*This was a two for the price of one event and the show was started by another fun country duo on guitars - two entertaining Americans John and Jacob, who had the crowd cheering and dancing along. They played with pumping guitars, some well chosen covers and their own songs. They are hit-making Nashvillle songwriters and their new singles have attracted Radio 2 airplay. Worth watching out for these guys too!

There appears to be a resurgence in interest in country music today. It has shaken off its over-produced days and gone back to basics with more authentic, striped back arrangements. My favourite country musician is Jerry Douglas, who is such an expressive and dynamic player of the resonator guitar and he plays at Celtic Connections here every January. 

Tuesday 14 April 2015

The Ladies of Laurel Canyon

There was a new freedom for women, the women were being reborn in the 60s and 70s.  (In the UK education for women began in the late 19th century and from 1892 Scottish universities admitted women students when St Andrews pioneered with an arts degree. ) Then came the introduction of the The Pill - first approved in 1960 in the US - brought tremendous gains for women’s freedoms and led them to feel they could achieve outside the home.

In an excellent Vanity Fear article in March 2015 with quotes from many of the players of Laurel Canyon, it was interesting to read that the women were the heart of this new movement in music in California. The core players were Joni Mitchell and Mama Cass Elliott, when musicians descended on their homes. Joni lived at first in a street called Lookout Mountain.

Other women of the new movement  were - Bonnie Raitt, Linda Ronstadt, Michelle Phillips, Maria Maldaur, Carole King, Emmylou Harris. According to Michelle Phillips said that ‘The women actually held that whole scene up there together. The Troubadour venue was also a main place to hang out.

The most talented musician of them all was Joni Mitchell. David Crosby discovered her singing in Florida and brought her back to California – he writes that she was not only the best songwriter of them all, but also the best musician.

Joni Mitchell & David Crosby

The California sound blended together a mix of folk and psychedelic rock.  – of blues, rock n roll, Latin, country, psychedelia, bluegrass, folk – and the forerunner of today's Americana sound. 'The vibe of that music, the way it makes you feel when you’re driving in a car – it’s a landscape. ‘ Adam Levine of Maroon 5.
At this time the draft for the Vietnam war sent many Americans up to Canada and brought the Canadians down to the US – such as Neil Young and Joni.
The Mamas and the Papas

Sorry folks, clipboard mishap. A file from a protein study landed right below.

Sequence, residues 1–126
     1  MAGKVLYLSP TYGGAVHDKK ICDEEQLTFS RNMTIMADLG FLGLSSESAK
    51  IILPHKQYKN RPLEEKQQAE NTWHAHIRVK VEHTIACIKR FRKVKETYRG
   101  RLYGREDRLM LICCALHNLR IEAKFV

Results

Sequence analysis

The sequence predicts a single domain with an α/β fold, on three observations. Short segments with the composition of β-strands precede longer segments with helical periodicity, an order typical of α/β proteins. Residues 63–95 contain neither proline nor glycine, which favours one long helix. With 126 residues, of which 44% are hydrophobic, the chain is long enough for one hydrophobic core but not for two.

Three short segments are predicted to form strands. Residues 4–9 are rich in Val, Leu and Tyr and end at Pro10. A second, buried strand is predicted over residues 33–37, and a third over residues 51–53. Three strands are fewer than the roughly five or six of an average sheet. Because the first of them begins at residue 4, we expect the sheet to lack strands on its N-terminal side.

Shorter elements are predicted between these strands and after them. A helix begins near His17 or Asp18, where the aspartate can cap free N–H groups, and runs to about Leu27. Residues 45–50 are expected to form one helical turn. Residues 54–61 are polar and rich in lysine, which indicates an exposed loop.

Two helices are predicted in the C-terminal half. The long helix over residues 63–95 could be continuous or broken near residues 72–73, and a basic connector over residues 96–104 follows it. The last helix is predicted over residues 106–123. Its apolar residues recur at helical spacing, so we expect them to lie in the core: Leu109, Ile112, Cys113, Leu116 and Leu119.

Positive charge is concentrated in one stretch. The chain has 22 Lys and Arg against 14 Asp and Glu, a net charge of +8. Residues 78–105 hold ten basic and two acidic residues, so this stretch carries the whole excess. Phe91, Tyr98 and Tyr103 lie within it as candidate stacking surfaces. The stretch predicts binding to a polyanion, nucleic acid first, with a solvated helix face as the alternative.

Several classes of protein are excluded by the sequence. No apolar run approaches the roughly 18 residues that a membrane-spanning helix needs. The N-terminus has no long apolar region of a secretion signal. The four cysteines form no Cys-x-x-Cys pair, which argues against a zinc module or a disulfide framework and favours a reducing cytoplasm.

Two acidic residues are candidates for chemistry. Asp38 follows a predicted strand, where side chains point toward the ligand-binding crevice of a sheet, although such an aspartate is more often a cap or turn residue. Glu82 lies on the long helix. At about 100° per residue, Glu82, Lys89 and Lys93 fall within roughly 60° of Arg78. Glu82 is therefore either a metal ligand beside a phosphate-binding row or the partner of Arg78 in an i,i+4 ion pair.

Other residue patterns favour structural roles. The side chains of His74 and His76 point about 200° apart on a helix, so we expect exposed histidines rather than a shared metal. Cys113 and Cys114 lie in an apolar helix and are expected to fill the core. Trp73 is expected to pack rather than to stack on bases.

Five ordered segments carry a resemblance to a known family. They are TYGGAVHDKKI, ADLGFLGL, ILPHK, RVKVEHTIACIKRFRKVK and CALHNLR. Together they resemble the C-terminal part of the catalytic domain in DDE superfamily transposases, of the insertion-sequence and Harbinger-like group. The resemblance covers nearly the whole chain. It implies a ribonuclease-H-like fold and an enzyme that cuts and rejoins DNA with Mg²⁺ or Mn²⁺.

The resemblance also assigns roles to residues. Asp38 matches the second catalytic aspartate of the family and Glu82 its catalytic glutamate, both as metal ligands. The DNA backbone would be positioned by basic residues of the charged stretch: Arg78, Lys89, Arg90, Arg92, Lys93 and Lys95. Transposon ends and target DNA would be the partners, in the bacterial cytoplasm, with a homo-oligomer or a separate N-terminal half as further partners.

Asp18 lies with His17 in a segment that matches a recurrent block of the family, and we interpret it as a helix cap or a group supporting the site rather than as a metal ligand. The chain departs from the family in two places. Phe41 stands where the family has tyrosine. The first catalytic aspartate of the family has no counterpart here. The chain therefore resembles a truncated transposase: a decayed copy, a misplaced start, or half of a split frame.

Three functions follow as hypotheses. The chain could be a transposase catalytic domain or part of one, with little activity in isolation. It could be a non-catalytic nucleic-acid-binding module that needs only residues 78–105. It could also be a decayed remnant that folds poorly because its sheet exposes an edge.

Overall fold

The big guns were the two talent scouts from New York  David Geffen and Robert Elliot who were also young and hungry for the new scene here. Within a few years they started Geffen-Roberts management and made 3m a year. Geffen began his record label Asylum Records. Robert managed Neil, CSN, Joni.  

 When two guys (Glen Frey and Don Henley) were asked to be Linda Ronstadt’s backing singers on tour, they were busy watching, learning and taking notes of the big guys Crosby Stills and Nash (CSN), Poco and others bands developing the four part harmony country rock. They became The Eagles and were ultimately bigger than anyone.
‘We watched what they did right and what they did wrong.’ The Eagles were also about both the music and the business.

In the end movements shine only for a short time and the magic of the hillside canyon was changed  eventually.
First of all by drugs – while pot and psychedelia had fuelled creativity but when they turned to cocaine and heroin, everything changed.

According to Phillips the summers of free love came to an sudden end with the Manson murders in '69 – and after that everything changed. ‘The nail in the coffin of the freewheelin, let’s get high, everybody's welcome – I never invited anybody over to my house again after that.’
Carole King
New artists today influenced by and following on from these sounds – singer songwriter Laura Marling, LA band Haim, Dawes, Wilco, Mumford, the Avett Brothers  and others.
Crosby, Stills & Nash

Scenes aren’t meant to last. They sparkle with activity, flourish then burn out. The California music scene of the late 1960s and early 1970s fell apart because of drugs, money, success. Altamont, money, drugs, burnout and new musical trends.’ Vanity Fair. April 1015.
Judy Collins and Joni Mitchell

Thursday 9 April 2015


Finlay MacDonald

Recently Scottish musician and composer Phil Cunningham presented a fascinating 2 part TV program on the Pipes called 'Pipe Dreams'. He travelled to hear pipes and pipers play worldwide - from Ireland to India. – to inspire his new composition for the pipes. 

In January I attended the brilliant opening concert of Celtic Connections 2015 - the orchestral debut of Scottish piper Martyn Bennett’s last album GRIT. The range of dynamics , tones, energy, emotions, fun – play the tune on the chanter!

I wrote in my review of the music - This album offers a musical journey - producing pounding bass rhythms, hesitant strings, gradual and also unexpected crescendos, brass epic grandeur, haunting Gaelic voices, thematic stirring pipes and also humour. The Grit album is about pushing the boundaries and limitations.

Liam O’Flynn of the Irish folk band Planxty, who plays the uilleann pipes, spoke of the importance of valuing traditions, ‘ To find a secure place to be part of a tradition. Hard won thing to be part of a tradition and its important to be aware of that.’

The uilleann pipes, have a lovely colour and emotion
In the 50s there were only abut 100 players and today there are over 6,000 players of the uilleann pipes worldwide. 

At a Canadian pipe school the children were told, ‘We hope you have fun and work hard – fun and work - .work WINS, fun never wins!  Excellent instruction!